Decision Making

Decision Making

This is the second installment in our 25 week series exploring the 25 competencies, or soft skills, that our assessments measure. Each week we’ll give you the definition of that competency, explain its value, and give you tips to help you develop it. This week: Decision Making.

We define Decision Making as analyzing all aspects of a situation to make consistently sound and timely decisions. Most people don’t take the time to really look at all aspects of an issue before diving in with a solution. This leads to rash decisions that tend to have unintended consequences.

As human beings, we make thousands of decisions every day. Some are more mundane, like what you’re going to wear or what you’re going to eat for lunch. But there are also the “big ticket” decisions, like whether or not you should move to a new city or who you should hire for the open position at your company. Developing the skill of Decision Making gives you the ability to make the best decisions possible every time, for issues both big and small.

This definition points out two aspects that make a decision effective, being both sound and timely. The soundness of the decision comes from gathering as much data and as many viewpoints as possible on the matter. The timeliness comes from not letting all that information gathering slow you down, but also not making decisions too quickly. Certainly there are decisions that don’t take as much time to make because they are not as weighted as others, but making those bigger decisions too quickly can lead to missteps.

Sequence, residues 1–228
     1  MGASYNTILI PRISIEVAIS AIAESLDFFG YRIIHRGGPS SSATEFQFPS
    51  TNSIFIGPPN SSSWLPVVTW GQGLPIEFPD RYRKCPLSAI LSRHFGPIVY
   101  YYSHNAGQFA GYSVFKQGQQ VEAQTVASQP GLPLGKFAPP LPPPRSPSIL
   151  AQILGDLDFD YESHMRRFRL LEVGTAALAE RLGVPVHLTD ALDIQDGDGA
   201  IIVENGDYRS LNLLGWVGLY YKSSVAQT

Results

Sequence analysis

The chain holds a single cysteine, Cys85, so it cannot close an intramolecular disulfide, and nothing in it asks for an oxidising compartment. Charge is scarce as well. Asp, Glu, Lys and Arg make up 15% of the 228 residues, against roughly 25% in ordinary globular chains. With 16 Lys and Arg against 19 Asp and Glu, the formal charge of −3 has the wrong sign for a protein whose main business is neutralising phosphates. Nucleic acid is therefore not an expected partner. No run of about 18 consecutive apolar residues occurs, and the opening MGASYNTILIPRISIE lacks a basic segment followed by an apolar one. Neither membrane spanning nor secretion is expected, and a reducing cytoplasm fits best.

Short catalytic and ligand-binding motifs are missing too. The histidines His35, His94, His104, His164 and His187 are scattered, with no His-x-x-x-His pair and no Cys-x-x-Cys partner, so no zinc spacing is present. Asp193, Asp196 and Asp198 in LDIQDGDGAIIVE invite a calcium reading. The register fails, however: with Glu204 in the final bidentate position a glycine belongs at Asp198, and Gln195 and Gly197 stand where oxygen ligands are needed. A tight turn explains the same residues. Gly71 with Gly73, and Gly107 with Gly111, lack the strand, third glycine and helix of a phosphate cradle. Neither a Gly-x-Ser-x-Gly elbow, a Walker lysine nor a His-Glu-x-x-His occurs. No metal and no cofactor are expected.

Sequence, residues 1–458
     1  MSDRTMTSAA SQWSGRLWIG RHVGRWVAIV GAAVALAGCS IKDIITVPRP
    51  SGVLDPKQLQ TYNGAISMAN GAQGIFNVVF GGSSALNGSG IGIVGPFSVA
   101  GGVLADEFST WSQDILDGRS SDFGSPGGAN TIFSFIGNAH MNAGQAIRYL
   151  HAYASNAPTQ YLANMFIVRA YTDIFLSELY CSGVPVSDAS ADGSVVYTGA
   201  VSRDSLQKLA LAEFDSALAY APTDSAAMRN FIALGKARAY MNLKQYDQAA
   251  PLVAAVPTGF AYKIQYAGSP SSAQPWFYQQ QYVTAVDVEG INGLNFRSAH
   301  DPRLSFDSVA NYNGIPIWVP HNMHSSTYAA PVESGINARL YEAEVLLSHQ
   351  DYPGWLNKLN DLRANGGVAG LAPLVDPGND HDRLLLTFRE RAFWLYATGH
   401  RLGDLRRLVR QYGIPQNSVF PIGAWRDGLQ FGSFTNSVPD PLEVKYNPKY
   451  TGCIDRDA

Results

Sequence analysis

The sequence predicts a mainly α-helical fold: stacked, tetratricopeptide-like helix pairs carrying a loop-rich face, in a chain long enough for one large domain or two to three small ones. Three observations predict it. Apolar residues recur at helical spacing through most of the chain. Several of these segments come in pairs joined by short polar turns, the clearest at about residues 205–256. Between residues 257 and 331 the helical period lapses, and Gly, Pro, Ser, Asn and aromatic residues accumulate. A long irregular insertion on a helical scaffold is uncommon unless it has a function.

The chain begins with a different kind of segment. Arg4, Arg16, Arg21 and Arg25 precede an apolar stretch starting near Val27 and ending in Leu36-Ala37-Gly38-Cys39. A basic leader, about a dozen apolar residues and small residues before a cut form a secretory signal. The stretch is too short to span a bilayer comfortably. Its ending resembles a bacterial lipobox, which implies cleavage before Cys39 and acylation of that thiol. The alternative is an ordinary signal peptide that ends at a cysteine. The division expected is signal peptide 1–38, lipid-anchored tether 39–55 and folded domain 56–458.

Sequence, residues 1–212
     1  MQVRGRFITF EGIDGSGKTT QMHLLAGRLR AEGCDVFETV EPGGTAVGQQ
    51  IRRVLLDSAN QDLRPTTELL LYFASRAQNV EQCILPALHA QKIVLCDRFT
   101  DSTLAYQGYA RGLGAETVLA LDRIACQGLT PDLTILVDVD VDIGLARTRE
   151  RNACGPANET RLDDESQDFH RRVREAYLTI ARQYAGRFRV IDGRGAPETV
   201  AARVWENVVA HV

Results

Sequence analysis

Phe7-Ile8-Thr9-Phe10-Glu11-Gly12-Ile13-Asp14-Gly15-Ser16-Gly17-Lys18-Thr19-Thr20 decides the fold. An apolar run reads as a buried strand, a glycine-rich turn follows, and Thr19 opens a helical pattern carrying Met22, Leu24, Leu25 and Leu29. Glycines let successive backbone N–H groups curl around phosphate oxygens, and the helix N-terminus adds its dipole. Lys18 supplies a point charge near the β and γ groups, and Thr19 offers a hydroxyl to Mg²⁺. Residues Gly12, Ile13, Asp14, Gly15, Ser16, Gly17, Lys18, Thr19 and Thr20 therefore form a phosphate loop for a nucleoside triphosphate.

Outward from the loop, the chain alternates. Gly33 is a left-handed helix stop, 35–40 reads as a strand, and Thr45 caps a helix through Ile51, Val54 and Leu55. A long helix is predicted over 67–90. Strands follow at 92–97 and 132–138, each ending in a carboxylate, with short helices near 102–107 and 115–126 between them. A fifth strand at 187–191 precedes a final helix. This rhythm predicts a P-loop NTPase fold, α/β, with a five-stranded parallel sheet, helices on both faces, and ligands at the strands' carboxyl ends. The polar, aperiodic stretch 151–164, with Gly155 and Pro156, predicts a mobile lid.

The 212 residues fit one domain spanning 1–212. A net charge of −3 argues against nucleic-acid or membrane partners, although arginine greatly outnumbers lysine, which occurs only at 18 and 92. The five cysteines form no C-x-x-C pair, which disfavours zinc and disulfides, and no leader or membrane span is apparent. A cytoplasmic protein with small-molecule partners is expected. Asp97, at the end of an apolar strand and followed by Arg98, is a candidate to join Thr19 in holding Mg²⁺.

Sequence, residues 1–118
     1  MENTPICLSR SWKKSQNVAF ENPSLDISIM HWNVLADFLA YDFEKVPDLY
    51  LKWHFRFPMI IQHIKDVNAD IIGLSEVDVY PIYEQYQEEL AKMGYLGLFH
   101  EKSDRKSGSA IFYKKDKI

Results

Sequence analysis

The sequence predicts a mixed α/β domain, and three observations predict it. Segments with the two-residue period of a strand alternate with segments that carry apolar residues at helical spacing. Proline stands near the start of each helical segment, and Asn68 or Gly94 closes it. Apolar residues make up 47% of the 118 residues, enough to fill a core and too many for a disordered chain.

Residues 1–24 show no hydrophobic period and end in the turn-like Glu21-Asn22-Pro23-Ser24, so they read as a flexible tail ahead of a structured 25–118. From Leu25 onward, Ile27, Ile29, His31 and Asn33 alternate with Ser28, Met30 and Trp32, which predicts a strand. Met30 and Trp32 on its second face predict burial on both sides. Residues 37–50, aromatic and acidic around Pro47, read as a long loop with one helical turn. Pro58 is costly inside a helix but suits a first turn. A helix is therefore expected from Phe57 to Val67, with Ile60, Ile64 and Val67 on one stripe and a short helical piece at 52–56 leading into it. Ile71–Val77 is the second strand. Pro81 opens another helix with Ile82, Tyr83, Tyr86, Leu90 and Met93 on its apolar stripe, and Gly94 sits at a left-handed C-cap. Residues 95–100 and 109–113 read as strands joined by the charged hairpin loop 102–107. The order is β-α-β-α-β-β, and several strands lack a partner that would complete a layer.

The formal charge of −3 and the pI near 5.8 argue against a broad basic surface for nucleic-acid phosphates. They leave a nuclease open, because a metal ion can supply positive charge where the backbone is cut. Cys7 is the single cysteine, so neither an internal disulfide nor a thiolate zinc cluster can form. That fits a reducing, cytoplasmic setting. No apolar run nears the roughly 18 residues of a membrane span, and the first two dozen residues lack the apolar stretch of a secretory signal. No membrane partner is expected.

Based on our individual styles of behavior, some of us have a tendency to make decisions too quickly, while some of us make decisions too slowly. What are your tendencies? Good self-awareness will lead to better decision making. 

If you’re a quick decision maker, an easy way to start improving your Decision Making is to examine every decision before you make it final. Stop and ask yourself how you came to that decision. Who did you talk to about it? What outside perspectives did you get? What do you expect the outcome of this decision to be? Is that a realistic expectation? Pausing to reexamine the decision one last time can help you make sure you’re not making an impulsive decision.

If you’re a slower decision maker, make sure that you set a deadline. Give yourself permission to dig deep into the issue, but only for a certain period of time. After that period, use the information that you’ve gathered and make the best decision with what you’ve got.

Good leaders make good decisions. Good leaders include others in the decision making process when they have the time and they take leaps of faith on other decisions when action is needed immediately. Whatever the situation, know enough about yourself, about your team, and about the situation to be intentional with your decision making.

If you want to determine your level of skill in Decision Making, click here to take a complimentary competencies assessment.

Eure Consulting